Writing a Chip8 emulator in C++ Part 5
One of the things I wanted to in this emulator was to show a startup message like “Ready” using the Chip 8 instructions. Nothing fancy, just print out the letters in the center (more or less) of the emulation screen. I would have to define the sprites for each of the letters to show on the screen, so that’s where I started:
I used 8x5 bitmaps to define all the letters, but used half width font (the upper nibble had the data, the lower nibble was all zeroes) to make the letters more compact. To prevent the spacing between the letters being too big as a result, I position each letter 5 pixels away by overwriting the blank right hand side of previous sprite. So, if X was 16 (decimal), the routine will first write 4 bits at 16, 17, 18, 19. For the next letter, it would change X to 16 + 5 = 21, which nicely also left 1 pixel space between each letter. And so on. Most of the heavy work is actually done by the DRAW instruction. I just had to ensure that the registers were setup correctly:
To begin with, I cleared the screen with the CLS command. Then the I register was set to point to 0x21a, which would be the start of the sprite data and immediately followed the above set of instructions. The address was easy enough to calculate: The instructions begin at 0x200, which is where all programs usually boot from. There are 13 instructions and since each instruction takes 2 bytes, that’s a total of 26 bytes, so any data must being at 0x21a.
I load the r4 register with 5, which will be used to offset the I register to point to the next set of sprite data (because each sprite has 5 bytes of data). I also set r1 to 1, to act as a sprite counter. The registers r2 and r3 are initialized to the X and Y co-ordinates to print to (18, 12 decimal respectively). These are used by the DRAW instruction to draw 5 bytes of data in the very next line.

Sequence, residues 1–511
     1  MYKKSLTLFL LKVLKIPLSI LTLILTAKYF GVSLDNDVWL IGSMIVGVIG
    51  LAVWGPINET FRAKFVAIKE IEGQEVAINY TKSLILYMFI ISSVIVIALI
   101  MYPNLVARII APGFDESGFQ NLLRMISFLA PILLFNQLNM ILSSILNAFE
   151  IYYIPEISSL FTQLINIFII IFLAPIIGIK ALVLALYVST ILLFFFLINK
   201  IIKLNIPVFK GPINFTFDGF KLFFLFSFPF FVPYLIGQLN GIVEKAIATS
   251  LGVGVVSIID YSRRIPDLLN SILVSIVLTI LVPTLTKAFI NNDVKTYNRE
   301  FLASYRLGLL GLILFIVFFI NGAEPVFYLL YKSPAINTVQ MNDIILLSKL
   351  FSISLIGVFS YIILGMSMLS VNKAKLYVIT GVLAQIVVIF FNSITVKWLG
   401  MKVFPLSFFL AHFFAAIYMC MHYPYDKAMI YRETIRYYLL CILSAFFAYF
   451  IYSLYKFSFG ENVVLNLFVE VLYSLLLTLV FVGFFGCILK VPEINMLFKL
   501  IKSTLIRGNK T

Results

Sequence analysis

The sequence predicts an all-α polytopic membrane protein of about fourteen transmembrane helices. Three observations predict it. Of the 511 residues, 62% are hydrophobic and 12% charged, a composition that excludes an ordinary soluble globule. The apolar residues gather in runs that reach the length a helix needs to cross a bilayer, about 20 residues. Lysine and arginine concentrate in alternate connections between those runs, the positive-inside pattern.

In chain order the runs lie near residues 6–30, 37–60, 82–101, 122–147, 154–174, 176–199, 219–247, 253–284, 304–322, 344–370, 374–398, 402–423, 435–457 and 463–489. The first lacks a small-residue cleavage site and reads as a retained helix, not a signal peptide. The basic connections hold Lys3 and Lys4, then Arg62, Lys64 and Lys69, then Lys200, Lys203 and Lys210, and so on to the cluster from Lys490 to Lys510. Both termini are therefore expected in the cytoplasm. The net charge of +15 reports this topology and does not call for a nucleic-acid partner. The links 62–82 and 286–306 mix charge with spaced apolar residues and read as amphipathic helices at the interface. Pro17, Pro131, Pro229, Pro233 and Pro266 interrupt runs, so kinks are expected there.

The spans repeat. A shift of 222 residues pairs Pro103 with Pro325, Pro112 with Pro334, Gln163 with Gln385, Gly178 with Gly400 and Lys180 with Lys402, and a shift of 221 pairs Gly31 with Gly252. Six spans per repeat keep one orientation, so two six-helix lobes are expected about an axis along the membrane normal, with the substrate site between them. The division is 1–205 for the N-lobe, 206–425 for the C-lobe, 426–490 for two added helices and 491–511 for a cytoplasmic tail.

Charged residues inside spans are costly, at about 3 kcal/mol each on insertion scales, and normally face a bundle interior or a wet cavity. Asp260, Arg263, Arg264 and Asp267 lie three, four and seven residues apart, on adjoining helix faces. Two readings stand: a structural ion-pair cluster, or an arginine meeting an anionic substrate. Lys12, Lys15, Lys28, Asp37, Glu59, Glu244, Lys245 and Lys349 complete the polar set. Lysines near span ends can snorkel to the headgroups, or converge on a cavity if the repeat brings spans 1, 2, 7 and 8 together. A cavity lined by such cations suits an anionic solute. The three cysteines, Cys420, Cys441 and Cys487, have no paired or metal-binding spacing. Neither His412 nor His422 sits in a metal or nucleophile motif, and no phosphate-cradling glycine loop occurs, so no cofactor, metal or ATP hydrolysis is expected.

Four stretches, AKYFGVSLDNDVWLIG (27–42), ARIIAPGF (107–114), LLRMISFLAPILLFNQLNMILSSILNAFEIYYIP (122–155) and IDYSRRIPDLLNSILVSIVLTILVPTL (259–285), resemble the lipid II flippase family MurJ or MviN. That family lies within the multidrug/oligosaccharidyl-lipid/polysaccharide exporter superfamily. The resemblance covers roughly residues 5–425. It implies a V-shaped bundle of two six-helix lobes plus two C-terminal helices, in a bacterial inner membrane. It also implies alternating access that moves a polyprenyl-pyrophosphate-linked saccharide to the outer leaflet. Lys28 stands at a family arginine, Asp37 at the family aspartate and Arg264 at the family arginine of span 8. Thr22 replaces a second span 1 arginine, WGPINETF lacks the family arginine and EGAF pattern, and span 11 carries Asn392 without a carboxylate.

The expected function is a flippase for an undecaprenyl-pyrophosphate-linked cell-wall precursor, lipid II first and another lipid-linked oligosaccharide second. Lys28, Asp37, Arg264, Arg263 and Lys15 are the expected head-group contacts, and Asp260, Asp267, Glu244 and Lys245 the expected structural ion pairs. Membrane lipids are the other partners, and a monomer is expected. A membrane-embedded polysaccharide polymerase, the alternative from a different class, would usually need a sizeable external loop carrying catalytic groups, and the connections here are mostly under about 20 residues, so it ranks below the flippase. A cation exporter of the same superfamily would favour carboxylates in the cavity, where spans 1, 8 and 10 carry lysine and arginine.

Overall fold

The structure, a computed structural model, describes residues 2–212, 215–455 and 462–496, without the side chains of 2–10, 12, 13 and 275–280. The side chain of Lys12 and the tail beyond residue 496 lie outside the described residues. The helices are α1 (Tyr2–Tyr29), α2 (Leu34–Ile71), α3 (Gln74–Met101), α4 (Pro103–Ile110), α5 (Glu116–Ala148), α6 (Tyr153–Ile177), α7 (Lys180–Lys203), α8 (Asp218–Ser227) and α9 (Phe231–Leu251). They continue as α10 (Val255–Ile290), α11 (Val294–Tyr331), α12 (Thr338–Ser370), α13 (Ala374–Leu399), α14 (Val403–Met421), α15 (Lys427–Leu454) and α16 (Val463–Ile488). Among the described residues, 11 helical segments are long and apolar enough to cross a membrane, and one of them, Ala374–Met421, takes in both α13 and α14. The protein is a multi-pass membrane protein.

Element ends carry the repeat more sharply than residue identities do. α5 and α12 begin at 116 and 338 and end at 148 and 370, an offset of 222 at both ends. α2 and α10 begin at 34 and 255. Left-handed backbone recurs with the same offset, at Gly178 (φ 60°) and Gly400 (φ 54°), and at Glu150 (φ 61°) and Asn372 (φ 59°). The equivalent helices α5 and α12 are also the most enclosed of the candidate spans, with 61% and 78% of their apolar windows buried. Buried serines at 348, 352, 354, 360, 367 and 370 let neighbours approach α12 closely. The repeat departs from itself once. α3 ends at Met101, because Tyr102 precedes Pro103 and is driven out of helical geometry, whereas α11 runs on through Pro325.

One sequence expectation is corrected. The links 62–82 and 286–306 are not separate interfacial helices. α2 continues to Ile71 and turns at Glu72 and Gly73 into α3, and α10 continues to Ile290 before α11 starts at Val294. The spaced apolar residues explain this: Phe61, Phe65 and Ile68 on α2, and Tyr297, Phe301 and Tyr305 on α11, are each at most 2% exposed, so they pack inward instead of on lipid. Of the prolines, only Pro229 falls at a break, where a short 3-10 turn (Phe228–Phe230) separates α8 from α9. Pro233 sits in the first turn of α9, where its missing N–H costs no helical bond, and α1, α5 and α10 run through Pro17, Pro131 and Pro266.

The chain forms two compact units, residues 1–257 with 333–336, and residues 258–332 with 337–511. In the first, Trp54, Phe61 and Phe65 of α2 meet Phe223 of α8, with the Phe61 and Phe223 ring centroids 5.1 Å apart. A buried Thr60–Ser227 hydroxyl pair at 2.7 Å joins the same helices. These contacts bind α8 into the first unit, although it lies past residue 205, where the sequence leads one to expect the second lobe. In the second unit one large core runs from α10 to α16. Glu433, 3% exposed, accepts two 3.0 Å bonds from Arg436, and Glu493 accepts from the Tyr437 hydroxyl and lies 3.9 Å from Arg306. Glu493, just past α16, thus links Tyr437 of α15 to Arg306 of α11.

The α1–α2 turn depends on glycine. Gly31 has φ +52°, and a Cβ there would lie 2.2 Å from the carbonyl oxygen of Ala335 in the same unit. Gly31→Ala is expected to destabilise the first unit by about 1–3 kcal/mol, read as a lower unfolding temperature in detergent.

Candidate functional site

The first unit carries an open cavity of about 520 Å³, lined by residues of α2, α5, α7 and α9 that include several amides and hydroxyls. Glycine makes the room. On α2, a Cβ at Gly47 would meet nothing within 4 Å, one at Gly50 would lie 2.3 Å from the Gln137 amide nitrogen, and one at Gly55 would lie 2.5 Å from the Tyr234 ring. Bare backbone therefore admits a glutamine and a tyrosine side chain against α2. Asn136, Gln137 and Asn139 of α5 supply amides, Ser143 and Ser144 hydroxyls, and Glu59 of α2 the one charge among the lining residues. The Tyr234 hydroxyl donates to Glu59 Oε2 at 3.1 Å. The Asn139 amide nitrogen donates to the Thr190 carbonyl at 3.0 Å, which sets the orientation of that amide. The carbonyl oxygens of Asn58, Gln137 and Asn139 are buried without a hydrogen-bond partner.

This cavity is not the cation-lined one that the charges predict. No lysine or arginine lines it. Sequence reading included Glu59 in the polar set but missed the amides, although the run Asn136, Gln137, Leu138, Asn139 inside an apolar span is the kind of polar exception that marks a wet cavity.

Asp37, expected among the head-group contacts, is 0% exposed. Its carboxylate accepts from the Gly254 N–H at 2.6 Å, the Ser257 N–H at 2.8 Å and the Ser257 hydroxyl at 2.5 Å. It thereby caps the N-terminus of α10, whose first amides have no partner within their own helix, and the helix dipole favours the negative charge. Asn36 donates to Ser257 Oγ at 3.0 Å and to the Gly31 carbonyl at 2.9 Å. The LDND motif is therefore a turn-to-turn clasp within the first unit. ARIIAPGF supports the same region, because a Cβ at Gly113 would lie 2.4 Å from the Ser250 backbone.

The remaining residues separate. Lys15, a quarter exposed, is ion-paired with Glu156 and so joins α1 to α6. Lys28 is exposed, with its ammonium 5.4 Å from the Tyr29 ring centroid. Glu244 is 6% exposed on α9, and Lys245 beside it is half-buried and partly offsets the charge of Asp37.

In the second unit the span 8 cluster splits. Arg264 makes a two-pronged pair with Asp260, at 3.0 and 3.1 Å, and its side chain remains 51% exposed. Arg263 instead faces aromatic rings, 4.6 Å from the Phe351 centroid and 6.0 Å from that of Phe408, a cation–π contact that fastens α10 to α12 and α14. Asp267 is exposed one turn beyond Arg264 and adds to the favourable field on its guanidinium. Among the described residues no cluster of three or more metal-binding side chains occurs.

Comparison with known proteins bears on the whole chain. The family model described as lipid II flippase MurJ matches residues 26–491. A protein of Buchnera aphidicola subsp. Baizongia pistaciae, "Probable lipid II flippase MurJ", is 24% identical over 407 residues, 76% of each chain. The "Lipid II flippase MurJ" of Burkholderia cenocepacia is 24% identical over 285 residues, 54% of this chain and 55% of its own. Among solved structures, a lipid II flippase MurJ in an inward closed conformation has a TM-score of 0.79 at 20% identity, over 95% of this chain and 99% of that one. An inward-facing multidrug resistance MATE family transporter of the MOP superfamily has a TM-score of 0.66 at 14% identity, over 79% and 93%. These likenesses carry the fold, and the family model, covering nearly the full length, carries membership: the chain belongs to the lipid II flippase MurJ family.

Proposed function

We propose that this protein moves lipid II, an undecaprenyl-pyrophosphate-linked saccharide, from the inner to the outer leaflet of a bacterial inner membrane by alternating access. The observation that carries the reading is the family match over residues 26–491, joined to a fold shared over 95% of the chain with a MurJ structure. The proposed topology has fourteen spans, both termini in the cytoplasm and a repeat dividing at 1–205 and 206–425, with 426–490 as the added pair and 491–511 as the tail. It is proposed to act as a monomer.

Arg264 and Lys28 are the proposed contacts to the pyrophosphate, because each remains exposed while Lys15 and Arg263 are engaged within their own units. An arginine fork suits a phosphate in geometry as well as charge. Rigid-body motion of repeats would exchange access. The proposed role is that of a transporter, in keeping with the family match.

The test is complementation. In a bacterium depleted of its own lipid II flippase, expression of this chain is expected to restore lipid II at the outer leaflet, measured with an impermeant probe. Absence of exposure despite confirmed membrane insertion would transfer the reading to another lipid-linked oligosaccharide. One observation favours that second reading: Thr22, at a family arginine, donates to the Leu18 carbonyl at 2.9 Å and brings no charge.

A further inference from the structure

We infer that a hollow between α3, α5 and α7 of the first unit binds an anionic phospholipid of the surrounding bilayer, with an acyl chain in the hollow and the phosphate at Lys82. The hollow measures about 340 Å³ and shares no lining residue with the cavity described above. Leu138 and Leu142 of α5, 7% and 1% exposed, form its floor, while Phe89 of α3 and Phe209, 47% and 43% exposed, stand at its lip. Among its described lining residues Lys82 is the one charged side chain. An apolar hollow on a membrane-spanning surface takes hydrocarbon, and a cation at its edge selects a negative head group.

Having drawn one character, I update r2 (the X co-ordinate) for the next character by moving right 5 pixels. I also update the I register to point to the next set of sprite data by adding r4 (which is set to 5) to it. I increment r1 (the sprite counter) by 1 for every character drawn. The SE instruction skips the next instruction if r1 = 6 (that is we have finished drawing 5 characters). If not, the next instruction is executed which is a JUMP instruction to 0x20C (the DRAW instruction address) and acts as a draw loop. However, if the SE instruction did skip this instruction, the emulator will land on the instruction below it which is a JUMP instruction to its own address thereby creating an infinite loop. If this is not done, the emulator will mindlessly continue to try to execute the following addresses but since there are no more valid instructions in our little program this will result in reading in garbage.
I stored the above in a character array to use as a boot ROM at startup, which would be uploaded to 0x200 just like any other ROM data :
And that’s it! This concludes most of what I had to say on the topic of Chip8 emulation. I had fun writing the emulator and while it seems all too easy at first glance, sometimes connecting the dots isn’t, which is why I thought I’ll pen this article to illustrate the steps I used in case it’s of use to someone just starting out own their own.
I didn’t talk about sound, input, openGL or the GUI system because that would have needlessly complicated the article as they deal with platform and non-Chip8 aspects of emulation and come with their own set of baggage and quirks. But for that there is the source code on the GitHub repository with all the source code. Feedback and comments are always welcome. Thanks for reading!